I first met Tony Villani, the owner of Little Deli and Pizza, at the 2011 Carnival O Pizza. Tony came with two of his pizza makers, David and Caesar, both of whom competed in the Pizza Tossing Contests with tenacity and pride and was so inspired by the scene that he ended up writing a check to Austin Bat Cave on the spot. Tony will be one of our celebrity judges for the 2012 contests. He graciously let me into his kitchen last week, fed me like family, and spoke with me like the friend and comrade in arms that he is.
The inside of the shop is pretty small, maybe 1000 square feet total. There are lines drawn on the door frame of the entry into the kitchen. These lines mark the height of neighborhood children, accompanied by their names and birthdays. The lines begin at two to three feet and reach to the top of the doorframe. Hundreds of horizontal benchmarks, each telling the story of a family that had come to this shop to celebrate and annotate. As I looked around I saw each table, inside and outside, was occupied. Groups of three, groups of four, couples looking lovingly at each other, families with kids in strollers, young men with pitchers of beer. Everyone happy, everyone with food at their fingertips, it doesn’t get any better than that.
I went into the kitchen where there are a couple of tables next to the dried goods and sat down w/ Tony and his right-hand, David. His pizza makers were maybe six feet away, working the Marsal oven like they were born to do it. His sandwich makers were maybe 10 feet away in another direction, knocking out these amazing subs that are packed with some of the finest fresh cut meats I’ve seen in a while. As each customer passed through the restaurant, they caught Tony’s eye, which sparkled with each customer he saw. He knows them all by name, and with each customer who passed, I could tell they all felt the same thing: Home.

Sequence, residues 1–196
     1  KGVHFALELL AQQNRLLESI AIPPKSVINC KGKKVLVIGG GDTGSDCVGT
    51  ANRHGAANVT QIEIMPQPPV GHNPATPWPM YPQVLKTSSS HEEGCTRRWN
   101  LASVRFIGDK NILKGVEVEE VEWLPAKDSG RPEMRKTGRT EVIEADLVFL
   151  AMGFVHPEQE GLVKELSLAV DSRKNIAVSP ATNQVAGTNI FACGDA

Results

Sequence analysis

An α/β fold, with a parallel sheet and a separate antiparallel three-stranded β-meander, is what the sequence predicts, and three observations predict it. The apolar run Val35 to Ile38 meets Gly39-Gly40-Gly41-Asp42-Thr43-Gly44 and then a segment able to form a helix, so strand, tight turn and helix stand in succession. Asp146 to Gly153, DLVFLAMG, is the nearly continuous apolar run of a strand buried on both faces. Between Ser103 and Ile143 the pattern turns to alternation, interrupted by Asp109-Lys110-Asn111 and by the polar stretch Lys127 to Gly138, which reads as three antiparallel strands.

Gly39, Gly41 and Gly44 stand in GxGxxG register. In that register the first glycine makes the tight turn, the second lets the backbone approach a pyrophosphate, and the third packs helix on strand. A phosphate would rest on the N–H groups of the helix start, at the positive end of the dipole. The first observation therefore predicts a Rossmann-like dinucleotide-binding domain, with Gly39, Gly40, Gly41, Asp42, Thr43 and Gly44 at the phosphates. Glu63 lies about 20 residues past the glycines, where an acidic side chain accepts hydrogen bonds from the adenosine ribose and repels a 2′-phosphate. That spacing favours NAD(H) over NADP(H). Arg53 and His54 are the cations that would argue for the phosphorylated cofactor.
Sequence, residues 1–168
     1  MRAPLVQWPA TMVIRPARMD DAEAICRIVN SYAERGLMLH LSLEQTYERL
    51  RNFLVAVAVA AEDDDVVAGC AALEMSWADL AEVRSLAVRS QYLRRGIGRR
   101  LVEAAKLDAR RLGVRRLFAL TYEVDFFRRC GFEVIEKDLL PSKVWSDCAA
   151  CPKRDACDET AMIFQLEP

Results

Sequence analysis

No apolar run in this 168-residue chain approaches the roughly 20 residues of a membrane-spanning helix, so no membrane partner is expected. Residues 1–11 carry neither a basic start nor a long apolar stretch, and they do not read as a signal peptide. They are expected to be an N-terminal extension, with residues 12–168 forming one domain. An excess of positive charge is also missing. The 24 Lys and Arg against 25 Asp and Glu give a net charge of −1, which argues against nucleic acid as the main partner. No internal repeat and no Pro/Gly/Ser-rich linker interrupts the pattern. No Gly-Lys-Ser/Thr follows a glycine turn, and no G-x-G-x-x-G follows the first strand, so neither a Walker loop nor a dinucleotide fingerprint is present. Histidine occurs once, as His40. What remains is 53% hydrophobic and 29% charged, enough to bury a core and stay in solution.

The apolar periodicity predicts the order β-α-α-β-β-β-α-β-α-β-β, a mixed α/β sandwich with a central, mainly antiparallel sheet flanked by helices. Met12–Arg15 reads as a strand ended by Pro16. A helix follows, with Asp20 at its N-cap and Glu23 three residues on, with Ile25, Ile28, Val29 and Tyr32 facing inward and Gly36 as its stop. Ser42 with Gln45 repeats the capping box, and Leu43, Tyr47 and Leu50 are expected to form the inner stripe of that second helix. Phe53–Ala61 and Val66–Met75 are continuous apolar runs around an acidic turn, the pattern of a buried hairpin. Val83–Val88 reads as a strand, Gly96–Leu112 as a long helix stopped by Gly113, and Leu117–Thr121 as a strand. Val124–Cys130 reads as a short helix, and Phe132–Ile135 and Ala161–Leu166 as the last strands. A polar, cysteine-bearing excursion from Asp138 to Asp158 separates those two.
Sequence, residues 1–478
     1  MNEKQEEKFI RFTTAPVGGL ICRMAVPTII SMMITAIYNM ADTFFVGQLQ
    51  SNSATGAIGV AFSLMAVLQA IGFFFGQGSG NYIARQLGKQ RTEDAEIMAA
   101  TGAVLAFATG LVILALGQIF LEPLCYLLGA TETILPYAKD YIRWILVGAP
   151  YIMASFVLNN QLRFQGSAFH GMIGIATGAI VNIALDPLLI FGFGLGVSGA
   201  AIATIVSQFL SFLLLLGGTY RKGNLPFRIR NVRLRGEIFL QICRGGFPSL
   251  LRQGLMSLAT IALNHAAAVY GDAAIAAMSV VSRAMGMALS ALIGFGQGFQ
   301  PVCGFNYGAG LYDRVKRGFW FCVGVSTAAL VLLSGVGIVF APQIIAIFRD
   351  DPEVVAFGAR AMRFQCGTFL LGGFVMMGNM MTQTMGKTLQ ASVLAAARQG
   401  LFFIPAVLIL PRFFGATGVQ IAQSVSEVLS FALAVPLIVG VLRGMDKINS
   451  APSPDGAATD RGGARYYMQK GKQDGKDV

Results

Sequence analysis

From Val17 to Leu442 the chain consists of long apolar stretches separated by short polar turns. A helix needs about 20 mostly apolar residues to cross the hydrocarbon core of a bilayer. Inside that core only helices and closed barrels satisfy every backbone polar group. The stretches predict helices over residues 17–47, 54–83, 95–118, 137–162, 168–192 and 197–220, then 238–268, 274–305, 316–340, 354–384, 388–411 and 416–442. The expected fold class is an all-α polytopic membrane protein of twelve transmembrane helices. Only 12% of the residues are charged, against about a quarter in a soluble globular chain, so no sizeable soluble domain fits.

“It’s a hole in the wall,” Tony told me, “but it’s my five star hole in the wall.”
Tony’s commitment to quality and integrity is pretty amazing. He sources his ingredients from everywhere, never cutting the easy corner to get to the end. He buys what he loves, and why would you buy anything else, really? Tony told me, “When I finally decided to do this thing, to buy a running restaurant and follow my dream I knew I could either work a ‘job’ (he had been working at Dell) or do what I love.” He’s right; it’s kind of a no-brainer.
He’d been putting things into his “My Dream Restaurant” file folder since he was 18, growing up on the Jersey Shore in Seaside Park, which is spitting distance from Seaside Heights (“Jersey Shore” filming location). Tony worked the boardwalk as a kid, and what he wanted more than anything, all these years later, was to open a legit Jersey Shore Pizzeria. His “My Dream Restaurant” file had grown to be over two inches thick some eight years ago, before he even knew that the original Little Deli Owners (Jonathon and Lucretia) were interested in selling.
Tony grew up on his Grandmother’s cooking. She is, I suspect, exactly the Italian grandmother you are picturing. The little woman who puts out a mountain of amazing food made from simple ingredients every Sunday, with an extra platter of pork chops just in case someone is still hungry. He knew that was something he wanted to be associated with, something he could be proud to do.
“If you wake up in the morning, roll over, and say to your wife, ‘I know how we can make a lot of money,’ “ he told me, “this is the wrong business for you”.
That mentality comes from Grandma’s cooking. If you are interested in making food to show off, Italian cooking isn’t going to satisfy you. If you are interested in bringing people together, sharing and loving and being family – then you are doing something worthwhile. The food is an expression of the love, passion, and commitment to family and community. The quality of ingredients and the care of preparation shout that from the mountaintops.
As we’re sitting in the back room we get a pizza delivered to the little four top nestled a foot away from the walk in cooler. The crust on this pizza is OUT OF SIGHT, the crunch is legit, and the flavor on the dough is deep and intricate. As I look around his tiny kitchen I see two “bigga” starters he has working for the next day’s dough. A bigga is a kind of bread sponge that is made hours in advance of the actual dough. It is a painstaking and tedious process that most people in the business discard as being antiquated and useless. Not Tony. This is what gives his dough that depth. Sure, it’s hard; but why would you do it any other way?